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Disinfection by-Products (DBPs): What’s in Your Drinking Water?

In 1902, the first continuous use of chlorine to disinfect drinking water occurred in Belgium. From then on, this chlorination method became popular around the world to treat drinking water because it can kill the harmful microorganisms in the water and maintain an environment in the water-distributing pipes where these microorganisms cannot live due to the remaining chlorine. Unfortunately, some scientists found that even though the chlorine kills these microorganisms, it reacts with other dissolved carbon-based compounds (organic compounds), and forms a group of compounds: disinfection by-products (DBPs), which are dangerous because they are carcinogenic.

Figure 1. Formation Process of DBPs

So how do these DBPs form in the drinking water? Believe it or not, there are many more elements to drinking water than just water. One of those is organic compounds, which are invisible to the human eye. As is shown in figure 1, carbon atoms (solid black balls) in these compounds will act like magnets that attract hydrogen atoms (solid white balls) and oxygen atoms (solid green balls), and that is how organic compounds form. But when chlorine is added, chlorine atoms (solid red balls) will replace several hydrogen position (marked as 1, 2 and 3 in the figure) in these organic compounds, simply because chlorine atoms (solid red balls) are larger than hydrogen atoms (solid white balls) and can be attracted to carbon atoms (solid black balls) more strongly. This varied mixture of chlorine, carbon, hydrogen, oxygen atoms will lead to more than 250 different types of DBPs, where the most common groups are haloacetic acids (HAAs) and trihalomethanes (THMs).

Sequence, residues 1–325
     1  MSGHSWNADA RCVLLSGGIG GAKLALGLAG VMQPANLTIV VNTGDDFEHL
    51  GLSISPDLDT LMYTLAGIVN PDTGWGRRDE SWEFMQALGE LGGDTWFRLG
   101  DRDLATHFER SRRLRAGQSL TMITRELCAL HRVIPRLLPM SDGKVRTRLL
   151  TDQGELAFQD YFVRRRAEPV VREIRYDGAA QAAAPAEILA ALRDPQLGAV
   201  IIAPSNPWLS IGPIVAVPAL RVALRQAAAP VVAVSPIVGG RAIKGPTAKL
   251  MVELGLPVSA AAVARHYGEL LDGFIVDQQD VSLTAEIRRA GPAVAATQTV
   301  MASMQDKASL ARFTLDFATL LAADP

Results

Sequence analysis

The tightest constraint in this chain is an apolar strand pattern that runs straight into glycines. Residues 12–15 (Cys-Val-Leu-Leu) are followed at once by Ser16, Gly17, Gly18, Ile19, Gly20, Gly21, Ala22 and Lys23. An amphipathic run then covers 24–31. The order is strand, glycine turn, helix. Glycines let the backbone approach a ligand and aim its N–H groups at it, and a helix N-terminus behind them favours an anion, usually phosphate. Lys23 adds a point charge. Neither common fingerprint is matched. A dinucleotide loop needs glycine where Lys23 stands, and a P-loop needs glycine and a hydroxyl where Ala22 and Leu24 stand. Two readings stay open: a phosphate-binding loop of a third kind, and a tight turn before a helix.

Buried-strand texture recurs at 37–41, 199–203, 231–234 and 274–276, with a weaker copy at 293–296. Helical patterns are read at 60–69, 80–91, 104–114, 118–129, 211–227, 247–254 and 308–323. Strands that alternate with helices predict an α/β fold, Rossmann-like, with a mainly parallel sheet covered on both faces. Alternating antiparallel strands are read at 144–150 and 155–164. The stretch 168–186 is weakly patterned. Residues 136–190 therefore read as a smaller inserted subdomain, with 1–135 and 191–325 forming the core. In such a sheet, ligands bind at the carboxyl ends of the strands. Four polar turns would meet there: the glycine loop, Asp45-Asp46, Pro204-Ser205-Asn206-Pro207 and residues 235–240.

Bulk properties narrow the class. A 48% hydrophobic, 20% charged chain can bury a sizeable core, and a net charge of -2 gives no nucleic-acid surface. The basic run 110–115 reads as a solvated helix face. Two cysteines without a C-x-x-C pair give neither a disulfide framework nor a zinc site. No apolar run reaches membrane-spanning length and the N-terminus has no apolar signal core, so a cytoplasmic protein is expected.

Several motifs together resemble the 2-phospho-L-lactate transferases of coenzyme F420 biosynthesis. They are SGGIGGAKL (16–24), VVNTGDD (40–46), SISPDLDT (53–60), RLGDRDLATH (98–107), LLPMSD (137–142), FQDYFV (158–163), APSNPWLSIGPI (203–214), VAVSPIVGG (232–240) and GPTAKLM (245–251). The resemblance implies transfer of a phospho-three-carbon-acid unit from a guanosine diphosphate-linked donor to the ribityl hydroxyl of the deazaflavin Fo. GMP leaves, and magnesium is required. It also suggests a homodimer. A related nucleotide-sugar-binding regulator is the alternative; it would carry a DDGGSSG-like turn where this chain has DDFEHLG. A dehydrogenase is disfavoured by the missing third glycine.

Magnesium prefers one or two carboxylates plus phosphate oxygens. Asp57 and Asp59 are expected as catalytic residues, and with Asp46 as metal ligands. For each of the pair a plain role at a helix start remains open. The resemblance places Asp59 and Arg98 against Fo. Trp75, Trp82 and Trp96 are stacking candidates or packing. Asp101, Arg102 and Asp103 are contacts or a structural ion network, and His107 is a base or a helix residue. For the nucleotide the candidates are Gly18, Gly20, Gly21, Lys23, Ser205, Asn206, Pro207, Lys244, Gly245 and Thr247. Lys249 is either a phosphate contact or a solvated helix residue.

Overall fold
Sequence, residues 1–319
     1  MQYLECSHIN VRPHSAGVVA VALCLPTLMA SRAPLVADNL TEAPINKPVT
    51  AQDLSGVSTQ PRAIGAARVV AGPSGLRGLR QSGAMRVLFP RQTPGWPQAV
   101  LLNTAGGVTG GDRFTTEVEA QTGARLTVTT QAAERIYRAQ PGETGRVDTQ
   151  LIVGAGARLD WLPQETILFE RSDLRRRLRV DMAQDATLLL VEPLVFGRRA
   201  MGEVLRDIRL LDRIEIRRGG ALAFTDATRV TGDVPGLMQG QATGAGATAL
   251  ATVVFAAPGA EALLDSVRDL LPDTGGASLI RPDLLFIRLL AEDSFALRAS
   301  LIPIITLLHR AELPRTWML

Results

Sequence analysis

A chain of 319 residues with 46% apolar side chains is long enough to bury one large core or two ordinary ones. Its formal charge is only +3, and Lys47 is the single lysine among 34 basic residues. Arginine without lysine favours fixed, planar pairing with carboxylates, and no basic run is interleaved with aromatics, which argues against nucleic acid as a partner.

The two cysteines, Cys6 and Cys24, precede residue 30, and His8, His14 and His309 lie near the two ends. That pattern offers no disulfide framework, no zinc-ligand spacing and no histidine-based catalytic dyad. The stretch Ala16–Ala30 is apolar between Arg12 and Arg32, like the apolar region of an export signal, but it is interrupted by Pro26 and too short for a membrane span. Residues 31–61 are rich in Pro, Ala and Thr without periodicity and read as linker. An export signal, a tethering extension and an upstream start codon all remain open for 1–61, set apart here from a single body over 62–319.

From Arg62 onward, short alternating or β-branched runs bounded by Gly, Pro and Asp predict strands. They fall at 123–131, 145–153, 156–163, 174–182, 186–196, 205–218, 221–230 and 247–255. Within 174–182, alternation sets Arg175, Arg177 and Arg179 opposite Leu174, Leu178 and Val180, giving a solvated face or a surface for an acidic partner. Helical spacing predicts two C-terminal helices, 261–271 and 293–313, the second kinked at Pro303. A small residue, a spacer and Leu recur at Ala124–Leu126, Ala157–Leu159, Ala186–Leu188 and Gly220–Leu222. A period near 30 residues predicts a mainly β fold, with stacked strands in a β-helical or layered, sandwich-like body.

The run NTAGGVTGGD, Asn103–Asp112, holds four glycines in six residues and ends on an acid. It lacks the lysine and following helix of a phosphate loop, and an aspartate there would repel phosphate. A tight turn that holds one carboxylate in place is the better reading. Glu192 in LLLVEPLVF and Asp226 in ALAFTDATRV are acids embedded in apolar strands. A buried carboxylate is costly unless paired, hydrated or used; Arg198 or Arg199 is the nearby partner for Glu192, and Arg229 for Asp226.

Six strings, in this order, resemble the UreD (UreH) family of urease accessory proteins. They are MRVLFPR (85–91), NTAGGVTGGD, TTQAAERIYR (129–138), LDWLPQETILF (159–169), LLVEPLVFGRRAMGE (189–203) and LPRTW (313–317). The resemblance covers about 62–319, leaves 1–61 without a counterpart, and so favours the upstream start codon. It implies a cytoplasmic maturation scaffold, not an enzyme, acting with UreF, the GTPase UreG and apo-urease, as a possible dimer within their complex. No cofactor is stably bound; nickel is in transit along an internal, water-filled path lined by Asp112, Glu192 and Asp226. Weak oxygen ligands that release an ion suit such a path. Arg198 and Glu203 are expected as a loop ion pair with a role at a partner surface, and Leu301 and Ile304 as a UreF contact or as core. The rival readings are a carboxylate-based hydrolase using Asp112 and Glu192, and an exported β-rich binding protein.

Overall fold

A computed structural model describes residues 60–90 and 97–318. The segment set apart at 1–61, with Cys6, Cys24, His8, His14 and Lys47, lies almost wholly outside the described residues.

If even only few atoms are replaced in organic compounds, the toxicity of newly-formed DBPs is very high compared to the original organic compounds. According to the World Health Organization, DBPs can cause detrimental effects on the human’s liver, kidney and reproductive system as well as induce certain cancers. Thus, the US Environmental Protection Agency has established maximum allowable contaminants levels for the different group of DBPs where THMs and HAA5 are 0.08 mg/L (6.67×10-7 pounds/US gallon) and 0.06 mg/L (5.00×10-7 pounds/US gallon), respectively.


Overall, there is always a trade-off between how many microorganisms are killed and how much DBPs are formed when using chlorine to disinfect drinking water, and we all should be aware of what is in our drinking water.

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